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Most drivers back wider use of average speed cameras on motorways

Most drivers back wider use of average speed cameras on motorways

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More than half of drivers would be behind a decision to use average speed cameras on regular stretches of motorway in order to combat speeding motorists.

More commonly found on A-roads and across sections of highway with roadworks, average speed cameras measure how long it takes a car to travel between two fixed points. By working out the average, they can then tell when a vehicle has been exceeding the stated limit. 

However, a survey of 3,000 people conducted for the RAC Report on Motoring found that 54 per cent of drivers would be in favour of using them on regular stretches of motorway in order to enforce the 70mph speed limit. 

It comes despite 56 per cent of respondents admitting to breaking the speed limit on motorways, with 34 per cent saying that they had travelled above 80mph. Three per cent even stated that they had exceeded 100mph. 

RAC road safety spokesman Simon Williams said: “Despite more than half of drivers admitting to regularly exceeding the 70mph speed limit, road safety statistics clearly show that motorways are our safest roads.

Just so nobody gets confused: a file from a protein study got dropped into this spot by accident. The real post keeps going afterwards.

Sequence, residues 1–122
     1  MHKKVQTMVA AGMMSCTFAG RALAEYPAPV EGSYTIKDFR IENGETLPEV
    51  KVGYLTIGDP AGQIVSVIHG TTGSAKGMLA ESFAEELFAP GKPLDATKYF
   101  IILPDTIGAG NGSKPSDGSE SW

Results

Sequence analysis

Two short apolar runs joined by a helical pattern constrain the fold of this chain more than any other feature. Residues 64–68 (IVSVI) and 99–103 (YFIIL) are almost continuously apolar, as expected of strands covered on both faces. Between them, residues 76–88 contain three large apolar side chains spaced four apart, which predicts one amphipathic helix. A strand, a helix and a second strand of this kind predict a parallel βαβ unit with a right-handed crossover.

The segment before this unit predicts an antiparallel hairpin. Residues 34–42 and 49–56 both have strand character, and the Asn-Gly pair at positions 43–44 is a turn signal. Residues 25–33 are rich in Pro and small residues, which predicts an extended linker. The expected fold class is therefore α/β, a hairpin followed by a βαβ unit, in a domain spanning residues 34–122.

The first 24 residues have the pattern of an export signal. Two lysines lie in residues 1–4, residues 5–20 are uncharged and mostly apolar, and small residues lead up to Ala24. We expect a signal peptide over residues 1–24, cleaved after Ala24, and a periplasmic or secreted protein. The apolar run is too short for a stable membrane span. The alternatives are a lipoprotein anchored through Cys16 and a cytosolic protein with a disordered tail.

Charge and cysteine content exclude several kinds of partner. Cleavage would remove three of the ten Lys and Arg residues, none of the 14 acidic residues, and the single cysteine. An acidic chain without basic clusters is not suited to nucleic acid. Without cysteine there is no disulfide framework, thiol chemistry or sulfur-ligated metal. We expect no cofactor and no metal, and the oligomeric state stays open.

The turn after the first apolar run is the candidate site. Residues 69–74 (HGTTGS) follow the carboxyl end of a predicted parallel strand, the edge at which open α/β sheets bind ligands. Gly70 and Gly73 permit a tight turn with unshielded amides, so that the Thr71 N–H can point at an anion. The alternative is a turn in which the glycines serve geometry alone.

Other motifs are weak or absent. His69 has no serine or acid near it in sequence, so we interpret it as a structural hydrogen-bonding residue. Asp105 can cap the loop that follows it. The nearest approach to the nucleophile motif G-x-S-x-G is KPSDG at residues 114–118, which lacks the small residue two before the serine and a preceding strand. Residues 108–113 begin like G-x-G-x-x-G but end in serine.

“With so many motorists admitting to driving much faster than they should on the motorway, it was interesting to see such strong support for average speed cameras to be used more widely to enforce the 70mph limit as opposed to just in roadworks, as is currently the case.

“We believe drivers see these cameras as being very effective at reducing speeds over longer distances and controlling traffic flow as well as being fairer than fixed position ones as they aren’t instantly punished for a momentary transgression.”

Speed limit compliance is higher on those roads with lower limits. However, the study revealed that 39 per cent of people ‘frequently disobeyed 20mph limits’ while 33 per cent admitted the same of 60mph country lanes.